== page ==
Plugin Configuration


Improving Model Performance with Hyper-parameter Tuning Techniques

In machine learning, a model has two types of parameters: those that are learned from data, and hyper-parameters, which are set by the user.

Hyper-parameters are like the settings on a camera; you can change them to get different results.

  • Batch size: Batch size refers to the number of samples used in one iteration of training. The larger the batch size, the more memory is required, but the model may converge faster.
  • Token: Token refers to a sequence of characters in text data. For example, in the sentence “I am a robot,” “I,” “am,” “a,” and “robot” are all tokens.
  • Learning rate: Learning rate is a hyper-parameter that controls how fast the model learns. A higher learning rate means the model will learn faster, but it may also converge to a less optimal solution.
  • Epoch: Epoch refers to one complete pass through the entire dataset during training. For example, if you have 100 samples in your dataset and you set the batch size to 10, it will take 10 iterations (or “steps”) to complete one epoch.
  • Prompt loss weight: Prompt loss weight is a parameter used to balance the loss function during fine-tuning. It is used to control the relative importance of the prompt and the model’s own prediction during training.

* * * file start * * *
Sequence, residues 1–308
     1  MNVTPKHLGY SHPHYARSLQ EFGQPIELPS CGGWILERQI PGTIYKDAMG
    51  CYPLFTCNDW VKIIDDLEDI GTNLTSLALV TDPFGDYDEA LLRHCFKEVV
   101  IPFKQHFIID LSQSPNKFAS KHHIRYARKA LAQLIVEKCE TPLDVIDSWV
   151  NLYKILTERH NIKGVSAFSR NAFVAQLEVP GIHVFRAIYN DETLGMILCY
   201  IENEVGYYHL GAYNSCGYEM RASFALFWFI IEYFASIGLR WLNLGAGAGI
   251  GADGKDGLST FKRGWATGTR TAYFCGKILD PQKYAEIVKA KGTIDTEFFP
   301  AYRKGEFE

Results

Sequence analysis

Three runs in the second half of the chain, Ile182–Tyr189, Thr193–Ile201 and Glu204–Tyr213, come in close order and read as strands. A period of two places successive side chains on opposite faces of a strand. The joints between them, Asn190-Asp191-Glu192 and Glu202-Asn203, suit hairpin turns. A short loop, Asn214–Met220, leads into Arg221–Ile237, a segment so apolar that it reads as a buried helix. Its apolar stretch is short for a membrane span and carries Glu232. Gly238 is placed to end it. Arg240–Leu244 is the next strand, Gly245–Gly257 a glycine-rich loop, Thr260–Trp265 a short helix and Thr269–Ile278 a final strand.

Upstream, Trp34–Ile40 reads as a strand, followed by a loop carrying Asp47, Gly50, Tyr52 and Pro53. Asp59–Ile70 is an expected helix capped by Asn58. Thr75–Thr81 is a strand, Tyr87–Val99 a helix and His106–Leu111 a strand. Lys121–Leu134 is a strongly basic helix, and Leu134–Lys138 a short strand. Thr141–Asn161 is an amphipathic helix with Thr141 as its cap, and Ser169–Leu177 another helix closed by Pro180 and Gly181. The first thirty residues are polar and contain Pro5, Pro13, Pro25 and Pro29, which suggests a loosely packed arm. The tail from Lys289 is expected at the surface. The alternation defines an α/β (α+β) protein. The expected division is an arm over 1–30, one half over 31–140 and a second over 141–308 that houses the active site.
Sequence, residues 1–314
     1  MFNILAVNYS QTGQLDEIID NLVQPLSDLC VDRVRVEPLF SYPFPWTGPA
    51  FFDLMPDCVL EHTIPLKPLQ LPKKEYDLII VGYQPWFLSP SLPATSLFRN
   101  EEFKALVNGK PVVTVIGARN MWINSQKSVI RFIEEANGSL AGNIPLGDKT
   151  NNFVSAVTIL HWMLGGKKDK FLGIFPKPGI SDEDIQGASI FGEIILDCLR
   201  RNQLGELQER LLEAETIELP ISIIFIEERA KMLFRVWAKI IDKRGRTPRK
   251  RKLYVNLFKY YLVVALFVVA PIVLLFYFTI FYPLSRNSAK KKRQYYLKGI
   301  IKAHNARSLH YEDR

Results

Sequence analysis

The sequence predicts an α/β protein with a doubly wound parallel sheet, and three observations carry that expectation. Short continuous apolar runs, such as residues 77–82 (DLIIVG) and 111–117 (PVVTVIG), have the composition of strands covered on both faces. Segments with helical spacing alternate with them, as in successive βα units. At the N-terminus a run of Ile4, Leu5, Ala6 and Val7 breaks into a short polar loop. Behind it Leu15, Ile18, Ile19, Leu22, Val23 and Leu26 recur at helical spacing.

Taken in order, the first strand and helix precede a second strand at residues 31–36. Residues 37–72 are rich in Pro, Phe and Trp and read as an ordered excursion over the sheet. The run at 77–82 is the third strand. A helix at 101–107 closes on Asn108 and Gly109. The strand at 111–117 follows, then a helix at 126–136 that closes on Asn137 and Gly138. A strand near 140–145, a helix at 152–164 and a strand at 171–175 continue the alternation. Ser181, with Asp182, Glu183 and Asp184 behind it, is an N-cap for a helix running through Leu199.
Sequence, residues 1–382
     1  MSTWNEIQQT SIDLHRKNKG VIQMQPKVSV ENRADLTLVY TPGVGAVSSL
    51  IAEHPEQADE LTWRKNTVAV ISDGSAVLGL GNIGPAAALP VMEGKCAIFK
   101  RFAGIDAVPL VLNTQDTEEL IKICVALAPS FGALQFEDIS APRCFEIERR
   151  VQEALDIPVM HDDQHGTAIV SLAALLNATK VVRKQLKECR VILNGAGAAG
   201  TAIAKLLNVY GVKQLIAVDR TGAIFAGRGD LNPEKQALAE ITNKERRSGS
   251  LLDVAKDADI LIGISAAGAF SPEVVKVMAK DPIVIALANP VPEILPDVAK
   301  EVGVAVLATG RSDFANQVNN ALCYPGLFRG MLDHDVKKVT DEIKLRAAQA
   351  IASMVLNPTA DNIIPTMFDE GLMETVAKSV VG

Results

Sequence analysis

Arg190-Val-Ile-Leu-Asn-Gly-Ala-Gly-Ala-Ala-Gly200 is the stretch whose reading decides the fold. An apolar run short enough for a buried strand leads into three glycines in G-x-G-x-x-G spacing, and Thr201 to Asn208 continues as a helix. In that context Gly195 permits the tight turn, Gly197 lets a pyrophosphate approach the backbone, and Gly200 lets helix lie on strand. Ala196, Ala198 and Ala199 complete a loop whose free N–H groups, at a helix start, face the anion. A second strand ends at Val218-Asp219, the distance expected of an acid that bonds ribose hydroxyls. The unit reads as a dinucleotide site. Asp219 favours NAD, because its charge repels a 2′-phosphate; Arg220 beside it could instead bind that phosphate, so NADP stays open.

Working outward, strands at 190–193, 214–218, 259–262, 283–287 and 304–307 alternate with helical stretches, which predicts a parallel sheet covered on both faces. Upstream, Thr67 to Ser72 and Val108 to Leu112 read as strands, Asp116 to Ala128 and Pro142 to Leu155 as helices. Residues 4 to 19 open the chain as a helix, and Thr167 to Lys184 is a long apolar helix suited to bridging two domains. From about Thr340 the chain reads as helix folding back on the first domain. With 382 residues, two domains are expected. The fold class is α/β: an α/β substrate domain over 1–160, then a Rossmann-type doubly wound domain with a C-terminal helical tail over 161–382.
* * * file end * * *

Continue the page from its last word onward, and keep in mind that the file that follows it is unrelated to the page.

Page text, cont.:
When using our plugin to fine-tune your model these parameters set automatically. You can view hyper-parameters that has been set for each fine-tune process under the Trainings tab. Please click on Hyper-parameters as shown below.

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This will open a popup displaying hyper-parameters that have been used for that specific model.

It will look like this:

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And below is the hyper-parameters settings of the GPT models that OpenAI trained. All models were trained for a total of 300 billion tokens.

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In summary, Hyper-parameter tuning is the process of systematically searching for the best combination of hyperparameters for a learning algorithm in order to improve its performance. Batch size, token, learning rate, epoch, and prompt loss weight are examples of hyperparameters that can be tuned.

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